What is clear at the moment is that this is new, both on our side and on SARS, and what I mean by that is both industry and government because what one would have hoped for is that each assessor will have the same approach and that there would be an unanimous view in terms of how these applications should be treated, from the SARS side. Unfortunately however, we have seen there to be some variants from one assessor to the next and this is far from what one would have hoped for because at the moment what everybody is looking for is certainty.
Our experience has been that there have been some variances, from one assessor to the next but I have to add that the units have been open to, I can’t say negotiation because the Act is the Act, but we have been corresponding with them and pointing them to specific provisions and explaining why we believe, for instance, the view they’re taking is not in line with the Act, etcetera. They have been responsive, so it’s not ideal because there doesn’t seem to be an unanimous approach but, at the same time, they do seem to be open to correspond around their approach.
Applications for relief under the Special Voluntary Disclosure Programme will only be permitted until end June 2017. https://t.co/VoN0SspLc7
— RSM ZA (@RSM_za) February 6, 2017
Is your advice that somebody should consult a lawyer in dealing with these matters rather than, for example, a tax consultant?
Yes, look I think it’s important to understand that at the end of the day, when you speak to any lawyer in this field you do have the added benefit of a client-attorney privilege, which means that until you actually engage SARS by submitting the application, everything under discussion remains in the domain of the privilege. In other words if, for whatever reason, the client or taxpayer decides to not go ahead they are protected in a sense that the lawyer would not need to report them. In fact, the client could sue him if he were to disclose anything, due to his breach of the privilege. Whereas, when you deal with an accountant, without the involvement of a lawyer, accountants are bound under a whole range of legislation to report, should a client or taxpayer not decide to go ahead. I think there is a real benefit of dealing with lawyers.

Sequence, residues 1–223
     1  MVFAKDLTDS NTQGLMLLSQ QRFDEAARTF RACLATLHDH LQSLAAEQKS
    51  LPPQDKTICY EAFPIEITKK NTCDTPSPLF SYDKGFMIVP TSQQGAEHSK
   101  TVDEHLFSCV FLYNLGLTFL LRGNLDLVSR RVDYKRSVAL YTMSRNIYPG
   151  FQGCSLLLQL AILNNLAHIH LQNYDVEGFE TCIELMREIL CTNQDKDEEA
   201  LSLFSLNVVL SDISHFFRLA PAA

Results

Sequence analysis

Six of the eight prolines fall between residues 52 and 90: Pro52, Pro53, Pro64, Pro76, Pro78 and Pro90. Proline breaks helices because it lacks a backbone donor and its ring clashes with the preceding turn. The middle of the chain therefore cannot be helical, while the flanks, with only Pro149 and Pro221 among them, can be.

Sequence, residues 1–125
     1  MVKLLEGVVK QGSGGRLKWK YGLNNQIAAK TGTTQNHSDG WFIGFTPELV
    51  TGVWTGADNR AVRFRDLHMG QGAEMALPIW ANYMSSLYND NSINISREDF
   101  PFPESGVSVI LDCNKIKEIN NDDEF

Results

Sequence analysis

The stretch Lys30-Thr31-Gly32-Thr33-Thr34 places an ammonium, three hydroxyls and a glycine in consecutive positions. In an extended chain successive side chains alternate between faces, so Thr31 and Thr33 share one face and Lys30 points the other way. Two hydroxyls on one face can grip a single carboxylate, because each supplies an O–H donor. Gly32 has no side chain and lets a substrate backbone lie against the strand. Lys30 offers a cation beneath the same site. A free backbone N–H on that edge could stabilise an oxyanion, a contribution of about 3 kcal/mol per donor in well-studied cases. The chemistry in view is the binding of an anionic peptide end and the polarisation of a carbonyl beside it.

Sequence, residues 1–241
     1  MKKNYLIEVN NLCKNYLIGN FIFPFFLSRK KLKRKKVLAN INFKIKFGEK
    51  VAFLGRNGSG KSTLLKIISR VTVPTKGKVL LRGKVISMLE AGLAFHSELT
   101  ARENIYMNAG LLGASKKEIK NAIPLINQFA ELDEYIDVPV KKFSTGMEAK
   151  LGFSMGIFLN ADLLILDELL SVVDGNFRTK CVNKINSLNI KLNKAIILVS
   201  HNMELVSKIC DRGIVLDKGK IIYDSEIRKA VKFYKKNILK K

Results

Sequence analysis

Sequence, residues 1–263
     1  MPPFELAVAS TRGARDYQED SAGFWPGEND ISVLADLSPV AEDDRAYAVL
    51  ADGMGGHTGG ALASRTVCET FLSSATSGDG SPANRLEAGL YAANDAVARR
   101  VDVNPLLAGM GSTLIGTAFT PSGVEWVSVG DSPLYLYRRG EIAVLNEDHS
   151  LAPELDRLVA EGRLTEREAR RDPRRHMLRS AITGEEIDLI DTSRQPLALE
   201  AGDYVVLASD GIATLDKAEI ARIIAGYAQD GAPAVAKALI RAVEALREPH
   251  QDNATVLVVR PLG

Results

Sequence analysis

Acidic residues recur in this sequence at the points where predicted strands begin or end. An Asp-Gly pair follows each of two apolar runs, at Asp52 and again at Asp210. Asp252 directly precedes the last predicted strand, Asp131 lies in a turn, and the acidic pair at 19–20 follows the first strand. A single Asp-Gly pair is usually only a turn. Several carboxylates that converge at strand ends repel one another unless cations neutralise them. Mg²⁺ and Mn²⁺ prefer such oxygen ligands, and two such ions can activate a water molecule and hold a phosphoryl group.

Then I think the other important point to note here is, as I’ve explained, it seems as though SARS are also finding their feet around this legislation, so I do believe there to be a great deal of benefit for people to engage, whether it be lawyers or accountants, but people who are well experienced in this arena and do have the capacity to point out to SARS if and when they can pick up that the guys in the unit are taking a chance. I think, for those reasons, there’s definitely a benefit of engaging a lawyer.
Nel, a lot of questions are being asked about the efficiencies of SARS but from what you’re telling me, in terms of the international automatic exchange of information – the Common Reporting Standard – it’s clear that should you decide to test SARS and their efficiencies, you might fall foul because you are going to be found out. This information does come to the fore at some stage.
Absolutely David, and I think as you point out, the efficiency of SARS is something one can talk about a lot and I guess the important point to make in this regard is to say what department because I can assure you – I think even as was mentioned in the Budget – just comparatively speaking the portion of the population that are paying tax at the higher rates. In other words, those who have considerable wealth, are a very small pocket of people, if you just consider the statistics involved. One would accept that from SARS’s point of view they need to know where to go, in order to get their money. It’s maybe a very blunt or crude way to say this but the point I’m trying to make is SARS would, in my view – it’s just logical for them to employ the necessary resource to gather in the money where they know they can get some real value.
The point I’m making is I wouldn’t rest or try SARS in this regard because from our experience they have been sharpening their teeth, as it were, for this information and I would definitely say that they won’t leave any stone unturned, and if you ask me, especially when it comes to any offshore interests. That, I think, is my clear view on that – they will definitely pursue it.